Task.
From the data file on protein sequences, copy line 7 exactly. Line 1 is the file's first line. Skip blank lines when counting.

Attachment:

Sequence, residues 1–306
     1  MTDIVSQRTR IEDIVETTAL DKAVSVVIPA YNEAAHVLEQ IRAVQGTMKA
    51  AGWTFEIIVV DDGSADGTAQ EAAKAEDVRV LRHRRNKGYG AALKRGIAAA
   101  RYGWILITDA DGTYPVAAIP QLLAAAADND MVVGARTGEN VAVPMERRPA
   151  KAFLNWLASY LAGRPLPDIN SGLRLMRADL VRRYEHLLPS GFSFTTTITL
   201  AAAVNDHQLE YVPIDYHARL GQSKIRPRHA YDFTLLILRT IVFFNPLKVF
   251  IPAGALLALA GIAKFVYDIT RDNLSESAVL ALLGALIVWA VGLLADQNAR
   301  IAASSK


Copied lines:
   251  IPAGALLALA GIAKFVYDIT RDNLSESAVL ALLGALIVWA VGLLADQNAR